I was joined today by Deacon Webster and Frances Webster, co-founders of Walrus, a multi-disciplinary creative agency, and they have quite a story to tell. If you want a laugh, check out the talking Walrus that touts the agency’s work on the company’s website. Hilarious. The husband and wife team, who first worked together at Mad Dogs & Englishmen, founded their award-winning (Ad Age’s 2012 Northeast Small Agency of the Year) in 2005 and, says Frances, have seen their business grow an astounding 300 percent in the last three years. Our mutual pal, PR veteran Diana Biederman, who is currently consulting for The Humane Society of New York, brought us all together and we had a lively lunch dishing about the ad biz. Deacon is the agency’s chief creative officer and Frances handles the business side as managing director. Their yin-yang skill sets keep things humming at work — and at home. The Brooklyn-based couple gave up trying to keep work talk out of their after hours conversations (“We quickly realized that was impossible,” says Frances) but did decide that having their desks facing each other in the middle of their open floor plan office was a little too much togetherness. They now keep their distance on opposite ends of the office and everything is going swimingly.

I’ll say. Having started their agency with the “21 Club,” Emergen-C,  Grand Marnier, CWX and The Economist as clients when the principals at Mad Dogs & Englishmen decided to close up shop and passed the business on to them (“We went to them and asked if they’d mind if we took the business with us and they were okay with it,” explained Frances), the Websters now boast a roster that includes Amazon Kindle, Bazooka Brands and Bloomberg Businessweek as well as hotter-than-hot Rent the Runway and came up with a funny and effective photobomb video campaign to tout to the fashion site’s growing wardrobing capabilities. They’re also the team that AMC tapped a few years ago to develop a brand strategy for “The Walking Dead” and we all know how that turned out.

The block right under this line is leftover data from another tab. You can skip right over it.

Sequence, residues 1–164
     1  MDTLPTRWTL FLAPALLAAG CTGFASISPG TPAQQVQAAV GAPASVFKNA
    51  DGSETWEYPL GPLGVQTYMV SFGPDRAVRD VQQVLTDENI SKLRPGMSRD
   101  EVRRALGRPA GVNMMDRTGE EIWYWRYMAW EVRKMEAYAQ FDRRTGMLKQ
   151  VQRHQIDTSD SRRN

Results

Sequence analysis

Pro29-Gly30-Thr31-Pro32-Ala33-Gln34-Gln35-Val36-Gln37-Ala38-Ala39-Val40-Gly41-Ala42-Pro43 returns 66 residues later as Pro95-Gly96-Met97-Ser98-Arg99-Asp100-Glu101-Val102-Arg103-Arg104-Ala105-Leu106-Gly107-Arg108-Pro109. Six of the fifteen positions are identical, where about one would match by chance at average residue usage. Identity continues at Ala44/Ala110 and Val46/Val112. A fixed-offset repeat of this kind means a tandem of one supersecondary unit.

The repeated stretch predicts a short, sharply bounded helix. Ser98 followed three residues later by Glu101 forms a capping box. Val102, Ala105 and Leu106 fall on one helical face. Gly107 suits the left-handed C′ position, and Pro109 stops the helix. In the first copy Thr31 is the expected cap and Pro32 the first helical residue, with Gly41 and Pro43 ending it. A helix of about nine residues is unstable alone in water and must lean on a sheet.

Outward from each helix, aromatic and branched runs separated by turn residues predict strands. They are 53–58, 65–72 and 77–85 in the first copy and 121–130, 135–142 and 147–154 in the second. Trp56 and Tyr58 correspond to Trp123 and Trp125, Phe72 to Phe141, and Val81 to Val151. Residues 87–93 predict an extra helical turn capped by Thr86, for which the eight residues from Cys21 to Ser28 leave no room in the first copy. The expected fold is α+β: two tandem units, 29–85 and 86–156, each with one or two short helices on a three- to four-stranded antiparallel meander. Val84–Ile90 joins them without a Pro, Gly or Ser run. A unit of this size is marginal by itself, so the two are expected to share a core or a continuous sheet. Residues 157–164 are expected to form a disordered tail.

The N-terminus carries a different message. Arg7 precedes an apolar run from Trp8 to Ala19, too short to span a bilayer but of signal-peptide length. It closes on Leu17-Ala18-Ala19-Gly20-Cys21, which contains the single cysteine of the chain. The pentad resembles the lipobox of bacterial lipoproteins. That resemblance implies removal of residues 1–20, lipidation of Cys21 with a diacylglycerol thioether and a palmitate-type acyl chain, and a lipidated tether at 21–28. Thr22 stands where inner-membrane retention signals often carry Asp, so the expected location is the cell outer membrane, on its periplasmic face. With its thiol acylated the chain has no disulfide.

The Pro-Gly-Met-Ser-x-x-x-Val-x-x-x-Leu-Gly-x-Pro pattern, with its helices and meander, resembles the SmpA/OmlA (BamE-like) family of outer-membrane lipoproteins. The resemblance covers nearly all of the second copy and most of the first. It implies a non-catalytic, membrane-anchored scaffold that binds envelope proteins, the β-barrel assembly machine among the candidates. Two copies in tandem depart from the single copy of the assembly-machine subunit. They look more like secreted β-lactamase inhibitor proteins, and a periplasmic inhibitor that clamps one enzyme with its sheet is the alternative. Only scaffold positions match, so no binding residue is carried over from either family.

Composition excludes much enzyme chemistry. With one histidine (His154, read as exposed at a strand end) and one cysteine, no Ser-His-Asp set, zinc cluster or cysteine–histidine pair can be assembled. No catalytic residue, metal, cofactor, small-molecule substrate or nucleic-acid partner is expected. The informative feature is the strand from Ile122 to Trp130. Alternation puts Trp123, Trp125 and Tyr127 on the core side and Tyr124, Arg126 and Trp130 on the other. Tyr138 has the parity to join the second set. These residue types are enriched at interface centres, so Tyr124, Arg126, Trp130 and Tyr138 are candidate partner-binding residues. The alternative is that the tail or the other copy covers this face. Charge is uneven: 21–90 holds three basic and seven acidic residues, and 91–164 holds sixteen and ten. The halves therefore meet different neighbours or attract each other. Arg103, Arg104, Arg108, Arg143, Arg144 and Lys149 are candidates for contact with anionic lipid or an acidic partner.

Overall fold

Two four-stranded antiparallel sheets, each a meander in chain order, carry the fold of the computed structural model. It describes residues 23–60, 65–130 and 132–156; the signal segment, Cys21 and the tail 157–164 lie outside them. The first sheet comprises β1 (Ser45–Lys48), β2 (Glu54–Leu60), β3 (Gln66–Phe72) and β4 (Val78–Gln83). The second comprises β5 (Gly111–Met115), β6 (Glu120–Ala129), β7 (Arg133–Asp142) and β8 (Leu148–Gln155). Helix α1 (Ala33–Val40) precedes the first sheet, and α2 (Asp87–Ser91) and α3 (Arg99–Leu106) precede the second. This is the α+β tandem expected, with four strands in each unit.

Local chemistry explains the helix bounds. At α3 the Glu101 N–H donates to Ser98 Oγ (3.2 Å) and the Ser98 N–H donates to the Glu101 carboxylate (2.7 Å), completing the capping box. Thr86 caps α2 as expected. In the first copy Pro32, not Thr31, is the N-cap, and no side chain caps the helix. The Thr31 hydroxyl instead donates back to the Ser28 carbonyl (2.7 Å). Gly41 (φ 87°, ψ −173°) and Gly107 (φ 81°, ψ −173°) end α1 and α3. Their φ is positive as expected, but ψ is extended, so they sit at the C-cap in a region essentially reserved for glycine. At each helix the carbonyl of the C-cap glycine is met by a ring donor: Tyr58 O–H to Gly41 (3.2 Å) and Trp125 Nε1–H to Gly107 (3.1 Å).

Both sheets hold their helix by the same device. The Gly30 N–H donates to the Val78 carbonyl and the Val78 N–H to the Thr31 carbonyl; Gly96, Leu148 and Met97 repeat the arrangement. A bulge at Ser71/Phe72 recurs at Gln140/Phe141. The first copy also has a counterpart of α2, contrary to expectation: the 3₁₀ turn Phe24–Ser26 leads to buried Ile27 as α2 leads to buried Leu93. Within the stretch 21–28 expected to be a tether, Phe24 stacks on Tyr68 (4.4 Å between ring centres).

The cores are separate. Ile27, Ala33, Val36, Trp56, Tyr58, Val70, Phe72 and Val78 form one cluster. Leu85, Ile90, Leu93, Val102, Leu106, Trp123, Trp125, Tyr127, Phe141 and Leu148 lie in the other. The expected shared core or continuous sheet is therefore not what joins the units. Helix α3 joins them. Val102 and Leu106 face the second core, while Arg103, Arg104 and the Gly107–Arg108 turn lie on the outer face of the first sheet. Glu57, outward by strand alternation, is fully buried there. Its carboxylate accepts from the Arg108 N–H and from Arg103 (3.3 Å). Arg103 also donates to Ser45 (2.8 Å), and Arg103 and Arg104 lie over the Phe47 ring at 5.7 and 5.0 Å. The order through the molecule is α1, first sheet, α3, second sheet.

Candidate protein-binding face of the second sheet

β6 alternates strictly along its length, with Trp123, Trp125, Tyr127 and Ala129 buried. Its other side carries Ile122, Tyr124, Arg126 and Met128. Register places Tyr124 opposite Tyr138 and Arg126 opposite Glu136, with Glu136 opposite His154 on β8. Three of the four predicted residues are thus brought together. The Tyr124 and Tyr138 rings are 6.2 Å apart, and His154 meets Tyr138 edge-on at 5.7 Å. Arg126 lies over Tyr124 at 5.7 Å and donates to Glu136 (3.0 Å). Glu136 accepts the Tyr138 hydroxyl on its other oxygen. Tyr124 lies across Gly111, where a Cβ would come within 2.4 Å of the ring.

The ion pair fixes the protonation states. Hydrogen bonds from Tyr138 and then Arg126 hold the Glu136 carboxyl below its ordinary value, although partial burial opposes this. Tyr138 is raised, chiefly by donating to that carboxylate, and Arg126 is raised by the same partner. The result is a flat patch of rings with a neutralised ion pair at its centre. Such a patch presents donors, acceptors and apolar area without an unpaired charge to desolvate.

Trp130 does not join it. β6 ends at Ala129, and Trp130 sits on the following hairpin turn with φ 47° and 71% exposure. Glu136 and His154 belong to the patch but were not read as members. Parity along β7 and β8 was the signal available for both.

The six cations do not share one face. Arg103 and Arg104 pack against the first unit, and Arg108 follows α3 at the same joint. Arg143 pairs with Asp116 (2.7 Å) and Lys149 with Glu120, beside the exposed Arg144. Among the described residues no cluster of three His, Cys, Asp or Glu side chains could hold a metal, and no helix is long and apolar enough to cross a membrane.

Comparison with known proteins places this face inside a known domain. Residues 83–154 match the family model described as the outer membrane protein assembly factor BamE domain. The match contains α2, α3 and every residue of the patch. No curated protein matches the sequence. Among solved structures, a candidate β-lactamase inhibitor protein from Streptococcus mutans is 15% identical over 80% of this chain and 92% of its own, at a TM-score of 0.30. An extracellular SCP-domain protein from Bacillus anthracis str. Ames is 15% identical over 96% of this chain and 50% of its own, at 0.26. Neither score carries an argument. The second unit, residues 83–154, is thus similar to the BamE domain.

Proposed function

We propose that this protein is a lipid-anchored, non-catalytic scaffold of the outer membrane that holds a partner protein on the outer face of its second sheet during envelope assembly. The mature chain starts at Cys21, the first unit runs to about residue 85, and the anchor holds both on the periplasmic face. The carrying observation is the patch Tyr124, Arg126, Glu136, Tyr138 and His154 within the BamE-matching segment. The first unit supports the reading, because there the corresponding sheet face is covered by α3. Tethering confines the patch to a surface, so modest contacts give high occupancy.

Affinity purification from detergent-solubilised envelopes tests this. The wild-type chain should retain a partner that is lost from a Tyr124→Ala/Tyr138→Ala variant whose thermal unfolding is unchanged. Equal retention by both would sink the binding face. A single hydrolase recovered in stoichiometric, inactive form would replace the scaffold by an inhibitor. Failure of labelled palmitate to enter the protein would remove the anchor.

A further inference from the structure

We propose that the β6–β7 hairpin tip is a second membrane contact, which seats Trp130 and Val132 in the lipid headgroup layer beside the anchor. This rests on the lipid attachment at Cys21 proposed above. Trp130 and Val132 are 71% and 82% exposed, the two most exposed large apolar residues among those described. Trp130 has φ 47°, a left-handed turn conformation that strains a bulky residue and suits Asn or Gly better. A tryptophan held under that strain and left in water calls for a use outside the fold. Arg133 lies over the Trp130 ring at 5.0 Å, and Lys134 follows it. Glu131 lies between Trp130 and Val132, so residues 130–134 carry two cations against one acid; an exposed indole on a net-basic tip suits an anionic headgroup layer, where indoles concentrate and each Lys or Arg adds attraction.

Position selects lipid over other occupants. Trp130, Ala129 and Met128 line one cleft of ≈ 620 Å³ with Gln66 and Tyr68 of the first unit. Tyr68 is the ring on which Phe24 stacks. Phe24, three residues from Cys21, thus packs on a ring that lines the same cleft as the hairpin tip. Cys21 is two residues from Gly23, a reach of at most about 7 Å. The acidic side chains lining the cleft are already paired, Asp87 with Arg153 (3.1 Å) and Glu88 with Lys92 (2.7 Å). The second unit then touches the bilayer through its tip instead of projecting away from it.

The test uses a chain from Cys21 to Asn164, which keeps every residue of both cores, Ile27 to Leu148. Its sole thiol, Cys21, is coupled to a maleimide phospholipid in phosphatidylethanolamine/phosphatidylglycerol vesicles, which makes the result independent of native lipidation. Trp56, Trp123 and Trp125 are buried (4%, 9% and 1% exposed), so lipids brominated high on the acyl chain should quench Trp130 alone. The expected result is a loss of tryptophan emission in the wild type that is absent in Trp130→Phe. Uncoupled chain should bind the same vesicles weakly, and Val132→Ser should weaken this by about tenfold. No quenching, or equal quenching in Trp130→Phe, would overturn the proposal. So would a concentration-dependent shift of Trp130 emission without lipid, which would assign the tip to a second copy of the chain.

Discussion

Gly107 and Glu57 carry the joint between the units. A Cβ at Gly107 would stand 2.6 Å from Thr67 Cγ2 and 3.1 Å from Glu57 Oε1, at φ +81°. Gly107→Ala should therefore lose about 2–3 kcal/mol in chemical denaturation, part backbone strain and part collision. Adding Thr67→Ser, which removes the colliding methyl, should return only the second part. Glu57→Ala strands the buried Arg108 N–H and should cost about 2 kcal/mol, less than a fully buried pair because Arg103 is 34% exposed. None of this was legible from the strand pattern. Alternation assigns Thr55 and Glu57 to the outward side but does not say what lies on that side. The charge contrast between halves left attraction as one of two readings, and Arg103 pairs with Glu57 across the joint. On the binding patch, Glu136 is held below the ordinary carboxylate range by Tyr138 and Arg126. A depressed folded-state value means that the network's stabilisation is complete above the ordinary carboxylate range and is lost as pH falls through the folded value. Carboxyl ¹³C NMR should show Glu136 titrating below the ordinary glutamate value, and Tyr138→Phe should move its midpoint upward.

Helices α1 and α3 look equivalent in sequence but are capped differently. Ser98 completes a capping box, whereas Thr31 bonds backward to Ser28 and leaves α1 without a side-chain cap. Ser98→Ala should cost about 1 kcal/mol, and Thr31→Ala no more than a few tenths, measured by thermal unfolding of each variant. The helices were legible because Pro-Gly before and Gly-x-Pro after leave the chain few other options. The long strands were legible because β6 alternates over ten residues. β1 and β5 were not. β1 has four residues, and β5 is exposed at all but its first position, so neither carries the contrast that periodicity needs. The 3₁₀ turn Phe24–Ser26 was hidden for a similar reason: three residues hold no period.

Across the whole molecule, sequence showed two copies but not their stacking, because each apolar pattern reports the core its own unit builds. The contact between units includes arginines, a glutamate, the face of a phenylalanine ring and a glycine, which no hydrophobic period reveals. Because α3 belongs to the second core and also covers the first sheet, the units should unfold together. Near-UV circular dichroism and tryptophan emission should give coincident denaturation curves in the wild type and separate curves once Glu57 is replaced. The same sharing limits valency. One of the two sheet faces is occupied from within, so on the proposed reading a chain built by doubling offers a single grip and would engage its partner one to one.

Deacon Webster, Diane Clehane and Frances Webster

These days, the Walrus team is busy touting the preventative properties of Emergen-C on social media and in the digital realm and is promoting the message that the cold medicine isn’t just for when the flu strikes but rather a wondrous preventative elixir that is best taken daily (they’ve taken the brand from 5,000 to 531,000 likes on Facebook and counting). They are also working on attracting younger moguls, hedgies and the like to Bloomberg’s Businessweek. “We’re telling younger people that the magazine has really changed.” The good news is, says Deacon, since changing to the weekly delivery system that subscribers get along with their daily newspapers, the magazine is getting a lot more attention from subscribers and “there hasn’t been a lot of newsstand drop off. If people read three issues in a row, they’re hooked.” Their mission now: to find different venues for digital sampling for the consumer and keep the buzz going over their eyebrow-raising covers.

You can check out Walrus’ witty, out of the box thinking on Friday in The New York Times and The Wall Street Journal with their full page ads for Smith & Wollensky which explain why scoring an internship at Smith & Wollensky is better than landing one at Goldman Sachs, Lazard and Morgan Stanley. The ads explain, among other things, that “Lazard might know a thing or two about capital markets, but when it comes to creamed spinach they might as well be Lehman Brothers.” Got your attention, didn’t it?

Here’s the rundown on today’s crowd:

1. Hollywoodlife.com’s EIC Bonnie Fuller and publisher Carlos Lamadrid with Penske Media’s vice chairman Gerry Byrne hosting Real Housewife of New York City’s  Aviva Drescher, Sirius XM’s Serena Kodila, Island Def Jam Music Group’s Laura Swanson, Comcast’s Julian Broadsky, Activate’s Michele Anderson and Matrix’s Patrick O’Keefe.